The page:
Perhaps some scenes are quite true as being in an industry where competition is always never-ending, catty attitudes are not uncommon. But, the way they portray interns in the movies is probably exaggerated as it really depends on the company on how they treat their interns, as generally interns are not paid as we are giving free labour but, I guess it is up to us individuals on whether we can find ways in learning through that experience. There are times where I had to do simple errands such as walking around the city to collect things or send things; it may seem boring but I take it as a way to observe the sights and sounds of the city whilst doing so. At the end of the day, it is how you perceive these small tasks in a different light.

Apart from that, designing clothes may seem like a glamorous career but it is actually a lot of hard work, talent and dedication. I remember being in the studio doing my own tasks and observing the long hours that the designers dedicate their time towards their designs.  

Have you always been creative? Or was it something that grew on you?
I have always enjoyed drawing and making creative crafts as a child so I think that came quite naturally to me. In middle school and high school, I was in the Science stream so, for a few years I did not have any formal education in art and design and did not have the opportunity to yield my creativity. However, that is the period in my life when I realized that I wanted to pursue something creative as I really missed drawing and having the freedom to create something artistic on a daily basis.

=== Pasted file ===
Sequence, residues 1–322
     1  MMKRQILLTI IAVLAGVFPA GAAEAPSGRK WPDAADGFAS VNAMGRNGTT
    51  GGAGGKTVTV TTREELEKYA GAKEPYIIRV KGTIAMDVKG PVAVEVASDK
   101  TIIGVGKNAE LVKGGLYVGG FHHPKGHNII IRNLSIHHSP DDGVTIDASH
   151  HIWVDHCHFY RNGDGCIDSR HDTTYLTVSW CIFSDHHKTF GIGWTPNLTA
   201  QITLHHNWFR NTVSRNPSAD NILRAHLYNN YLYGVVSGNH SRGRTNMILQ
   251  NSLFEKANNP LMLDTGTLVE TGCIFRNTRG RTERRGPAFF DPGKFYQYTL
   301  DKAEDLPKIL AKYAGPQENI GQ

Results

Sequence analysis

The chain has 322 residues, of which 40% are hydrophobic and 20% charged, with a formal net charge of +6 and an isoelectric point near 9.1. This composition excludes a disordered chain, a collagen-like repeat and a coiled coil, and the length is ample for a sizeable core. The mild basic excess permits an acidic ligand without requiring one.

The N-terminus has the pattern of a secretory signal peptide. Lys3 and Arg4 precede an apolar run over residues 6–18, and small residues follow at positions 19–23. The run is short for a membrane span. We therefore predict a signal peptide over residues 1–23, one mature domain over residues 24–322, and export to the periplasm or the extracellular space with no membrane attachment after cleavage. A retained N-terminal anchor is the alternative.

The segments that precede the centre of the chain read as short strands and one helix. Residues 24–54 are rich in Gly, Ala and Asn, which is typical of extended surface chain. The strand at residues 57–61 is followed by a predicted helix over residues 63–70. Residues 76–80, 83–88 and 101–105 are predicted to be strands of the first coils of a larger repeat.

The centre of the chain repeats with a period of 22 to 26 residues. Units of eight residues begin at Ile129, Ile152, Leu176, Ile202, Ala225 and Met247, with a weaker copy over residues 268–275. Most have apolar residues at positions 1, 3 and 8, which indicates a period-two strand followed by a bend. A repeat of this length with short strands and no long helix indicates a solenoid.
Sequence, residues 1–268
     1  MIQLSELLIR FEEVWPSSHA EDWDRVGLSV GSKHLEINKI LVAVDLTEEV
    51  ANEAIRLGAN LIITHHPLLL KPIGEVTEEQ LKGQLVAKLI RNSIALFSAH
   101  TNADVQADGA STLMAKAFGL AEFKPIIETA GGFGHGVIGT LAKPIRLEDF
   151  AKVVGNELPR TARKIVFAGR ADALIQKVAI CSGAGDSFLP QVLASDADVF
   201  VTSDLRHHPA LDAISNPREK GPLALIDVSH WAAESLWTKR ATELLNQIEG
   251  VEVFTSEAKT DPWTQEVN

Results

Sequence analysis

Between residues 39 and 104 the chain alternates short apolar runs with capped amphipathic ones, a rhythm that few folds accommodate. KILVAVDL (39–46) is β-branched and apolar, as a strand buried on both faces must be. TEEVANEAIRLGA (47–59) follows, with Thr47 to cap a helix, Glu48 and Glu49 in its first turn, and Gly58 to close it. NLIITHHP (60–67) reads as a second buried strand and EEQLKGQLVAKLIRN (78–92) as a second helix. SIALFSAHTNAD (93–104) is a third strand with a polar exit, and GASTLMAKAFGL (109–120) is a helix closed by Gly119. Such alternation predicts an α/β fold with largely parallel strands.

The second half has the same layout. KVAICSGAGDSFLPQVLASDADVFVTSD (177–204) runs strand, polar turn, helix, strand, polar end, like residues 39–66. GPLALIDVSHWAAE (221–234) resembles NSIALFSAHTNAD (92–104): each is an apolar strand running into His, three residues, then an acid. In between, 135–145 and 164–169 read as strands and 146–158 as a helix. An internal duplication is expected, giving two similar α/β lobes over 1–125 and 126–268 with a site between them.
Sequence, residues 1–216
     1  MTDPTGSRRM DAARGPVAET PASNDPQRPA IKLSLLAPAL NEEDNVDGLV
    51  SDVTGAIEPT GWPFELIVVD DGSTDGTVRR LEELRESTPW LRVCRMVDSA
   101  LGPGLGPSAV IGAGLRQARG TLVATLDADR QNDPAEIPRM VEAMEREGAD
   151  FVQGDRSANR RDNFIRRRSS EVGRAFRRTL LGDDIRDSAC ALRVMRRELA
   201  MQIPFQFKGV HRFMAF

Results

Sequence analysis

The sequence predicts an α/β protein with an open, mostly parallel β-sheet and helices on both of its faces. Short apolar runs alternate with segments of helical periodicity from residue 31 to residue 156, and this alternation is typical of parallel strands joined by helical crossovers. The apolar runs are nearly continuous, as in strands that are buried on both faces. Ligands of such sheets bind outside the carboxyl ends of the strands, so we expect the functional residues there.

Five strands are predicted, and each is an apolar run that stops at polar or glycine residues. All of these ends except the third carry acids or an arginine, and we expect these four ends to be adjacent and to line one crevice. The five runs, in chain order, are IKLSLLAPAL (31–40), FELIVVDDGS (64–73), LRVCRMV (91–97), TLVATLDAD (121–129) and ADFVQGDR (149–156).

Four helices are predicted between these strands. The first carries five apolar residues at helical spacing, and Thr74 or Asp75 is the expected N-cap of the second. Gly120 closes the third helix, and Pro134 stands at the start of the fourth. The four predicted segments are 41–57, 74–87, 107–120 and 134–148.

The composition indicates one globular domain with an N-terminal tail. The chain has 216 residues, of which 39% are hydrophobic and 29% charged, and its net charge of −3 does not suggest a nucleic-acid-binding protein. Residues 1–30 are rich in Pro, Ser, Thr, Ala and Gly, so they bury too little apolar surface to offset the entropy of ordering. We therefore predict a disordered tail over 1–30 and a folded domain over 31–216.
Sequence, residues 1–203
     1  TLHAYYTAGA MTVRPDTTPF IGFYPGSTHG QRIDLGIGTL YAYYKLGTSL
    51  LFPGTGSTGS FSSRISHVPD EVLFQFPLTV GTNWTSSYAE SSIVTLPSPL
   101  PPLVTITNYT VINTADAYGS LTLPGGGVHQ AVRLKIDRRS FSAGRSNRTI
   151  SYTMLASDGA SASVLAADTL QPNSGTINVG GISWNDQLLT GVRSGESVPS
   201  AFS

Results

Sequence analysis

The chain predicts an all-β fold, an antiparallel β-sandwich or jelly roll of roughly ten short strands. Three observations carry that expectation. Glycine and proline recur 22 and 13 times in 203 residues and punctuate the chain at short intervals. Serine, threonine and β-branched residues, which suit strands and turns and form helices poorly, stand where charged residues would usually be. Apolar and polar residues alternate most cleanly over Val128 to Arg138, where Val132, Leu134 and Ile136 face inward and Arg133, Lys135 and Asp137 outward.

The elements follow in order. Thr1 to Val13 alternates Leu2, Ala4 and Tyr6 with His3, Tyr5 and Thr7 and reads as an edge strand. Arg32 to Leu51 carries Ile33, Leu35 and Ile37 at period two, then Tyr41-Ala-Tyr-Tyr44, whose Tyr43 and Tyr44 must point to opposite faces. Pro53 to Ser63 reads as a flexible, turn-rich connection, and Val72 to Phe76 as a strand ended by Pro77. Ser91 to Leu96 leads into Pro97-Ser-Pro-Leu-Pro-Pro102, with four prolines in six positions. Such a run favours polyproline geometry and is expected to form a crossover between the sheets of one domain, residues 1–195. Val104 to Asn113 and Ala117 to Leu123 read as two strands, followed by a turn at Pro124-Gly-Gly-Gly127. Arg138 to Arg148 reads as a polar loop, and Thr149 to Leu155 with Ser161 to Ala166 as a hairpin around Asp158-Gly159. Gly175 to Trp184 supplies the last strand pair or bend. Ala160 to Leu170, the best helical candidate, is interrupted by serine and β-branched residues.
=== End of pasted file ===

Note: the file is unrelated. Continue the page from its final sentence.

A peek into my sketchbook

Illustrations final collection1

page sketchbook inspiration1

Toile development Outfit51

Hunting for fabric

Fabric shopping london2 2010

Fabric shopping London 2012

Saturday, 07 September 2013 20:31

ubudcomp KathrinaDaudEditor's Note: Hi Readers! Allow me to introduce you to guest blogger Kathrina Daud. Kathrina reached out to me via Instagram after I called out for writers. Kathrina is usually a lecturer of English Literature and Creative Writing at UBD, but is currently on a year-long sabbatical. She received an MA in Writing from the Uni of Warwick and completed a PhD in Creative Writing at the Uni of Manchester in 2011. At the moment, Kathrina lives in Oxford, where she spends her time researching the Venn diagram of Islam, Southeast Asian literature and popular fiction, watching plays and being rejected by publishers. She will move to Seattle in December, where she expects to do more of the same, plus snow.

I am a Bird was a shortlisted story selected by a panel of judges appointed by the Ubud Writers & Readers Festival on culture360.org.


I am a Bird

By Kathrina Daud